Tales from the East: Expats find their niche

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Expats find their niche after the collapse of communism

As others have done before them, some young Americans leave the country in pursuit of wealth, happiness and maybe a little fame. One destination, open to them since the fall of communism, is Eastern Europe.

Advertising Age keeps bumping into young Americans who have not only "been there" but who have made a difference. These expatriates in marketing, media and advertising--from publisher to account manager--have one thing in common: All have opportunities that would not have been afforded them at their age in the States.

Chris Mattheisen

BUDAPEST--Chris Mattheisen is one of the few American expats that could actually make it as a street musician.

But he didn't leave his esoteric job as an economist with the Wharton Econometric Forecasting Associates in London to hang out in Central Europe.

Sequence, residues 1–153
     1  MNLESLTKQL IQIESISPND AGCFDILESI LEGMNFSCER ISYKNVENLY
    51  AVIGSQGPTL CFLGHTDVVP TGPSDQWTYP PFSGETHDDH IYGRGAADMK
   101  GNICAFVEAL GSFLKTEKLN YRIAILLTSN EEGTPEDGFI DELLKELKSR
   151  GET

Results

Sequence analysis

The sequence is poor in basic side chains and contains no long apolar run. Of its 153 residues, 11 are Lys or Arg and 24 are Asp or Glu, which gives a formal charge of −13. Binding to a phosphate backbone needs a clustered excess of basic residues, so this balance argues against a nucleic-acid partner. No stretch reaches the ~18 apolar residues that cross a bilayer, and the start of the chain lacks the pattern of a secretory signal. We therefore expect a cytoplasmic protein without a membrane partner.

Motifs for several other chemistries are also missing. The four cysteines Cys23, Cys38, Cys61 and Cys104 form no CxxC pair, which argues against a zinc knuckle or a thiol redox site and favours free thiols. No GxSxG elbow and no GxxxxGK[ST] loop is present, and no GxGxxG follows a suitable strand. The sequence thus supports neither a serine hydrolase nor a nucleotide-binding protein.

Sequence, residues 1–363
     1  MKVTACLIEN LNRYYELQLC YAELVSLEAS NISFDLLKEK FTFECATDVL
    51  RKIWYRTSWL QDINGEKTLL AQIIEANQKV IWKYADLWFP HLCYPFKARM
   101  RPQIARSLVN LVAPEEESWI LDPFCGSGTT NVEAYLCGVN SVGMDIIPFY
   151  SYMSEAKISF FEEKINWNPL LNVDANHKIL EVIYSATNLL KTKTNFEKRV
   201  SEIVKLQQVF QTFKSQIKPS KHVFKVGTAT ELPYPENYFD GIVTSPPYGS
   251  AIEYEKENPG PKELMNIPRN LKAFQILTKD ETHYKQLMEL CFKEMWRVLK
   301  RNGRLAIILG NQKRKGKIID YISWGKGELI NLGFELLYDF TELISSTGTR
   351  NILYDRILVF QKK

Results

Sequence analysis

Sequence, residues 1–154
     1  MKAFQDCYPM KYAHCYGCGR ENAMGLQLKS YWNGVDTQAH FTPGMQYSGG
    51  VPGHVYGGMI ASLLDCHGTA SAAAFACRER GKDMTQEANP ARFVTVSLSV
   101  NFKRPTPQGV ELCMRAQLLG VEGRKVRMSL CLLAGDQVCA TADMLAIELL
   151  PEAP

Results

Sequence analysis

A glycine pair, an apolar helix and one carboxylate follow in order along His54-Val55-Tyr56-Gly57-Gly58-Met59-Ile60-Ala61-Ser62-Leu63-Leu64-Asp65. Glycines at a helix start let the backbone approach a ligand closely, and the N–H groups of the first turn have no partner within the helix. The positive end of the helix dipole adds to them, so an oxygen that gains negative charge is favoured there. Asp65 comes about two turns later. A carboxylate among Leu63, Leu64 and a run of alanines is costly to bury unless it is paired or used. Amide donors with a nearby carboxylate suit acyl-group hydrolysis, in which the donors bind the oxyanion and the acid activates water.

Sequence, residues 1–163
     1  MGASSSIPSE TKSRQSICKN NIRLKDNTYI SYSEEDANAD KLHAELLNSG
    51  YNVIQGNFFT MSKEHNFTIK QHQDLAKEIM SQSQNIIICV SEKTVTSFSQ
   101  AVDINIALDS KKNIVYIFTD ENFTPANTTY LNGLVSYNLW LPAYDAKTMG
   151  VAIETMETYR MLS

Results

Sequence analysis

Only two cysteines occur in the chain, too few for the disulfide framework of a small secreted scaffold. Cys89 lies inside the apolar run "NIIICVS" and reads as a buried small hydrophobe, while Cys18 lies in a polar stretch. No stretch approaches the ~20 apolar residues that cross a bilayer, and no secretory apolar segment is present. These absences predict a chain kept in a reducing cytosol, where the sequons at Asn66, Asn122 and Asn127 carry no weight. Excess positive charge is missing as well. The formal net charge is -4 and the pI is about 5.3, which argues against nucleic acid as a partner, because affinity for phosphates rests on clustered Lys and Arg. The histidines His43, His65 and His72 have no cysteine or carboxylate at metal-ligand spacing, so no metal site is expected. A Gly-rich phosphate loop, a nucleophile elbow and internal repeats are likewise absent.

In fact, it's only when he's moonlighting as a country and blues singer in Budapest clubs that he turns off his most powerful marketing tool--his mobile phone.

As director of marketing and sales for Westel 900, the 34-year-old keeps mobile phone sales humming along for American-based U S West International's Hungarian joint venture. Westel's employees were "fielding bets" that the company would attract about 1,500 subscribers in its first month of operation.

Instead, 4,000 customers signed up that first month. And just a little over a year since its launch, the company has more than 100,000 subscribers. In fact, Hungary racks up more minutes of mobile phone usage than all other Western European countries, with about four times the usage rate of the U.K. and Germany.

Westel's decision that Hungary would be one of the first countries where it would introduce the European-wide mobile telephone system was a lucky roll of the dice. Mr. Mattheisen made an even bigger gamble in leaving his secure, although staid, economist's job in London to start a consulting business in Hungary in 1989. "I didn't know what the definition of success was going to be" in the uncertain environment of Central Europe, he said.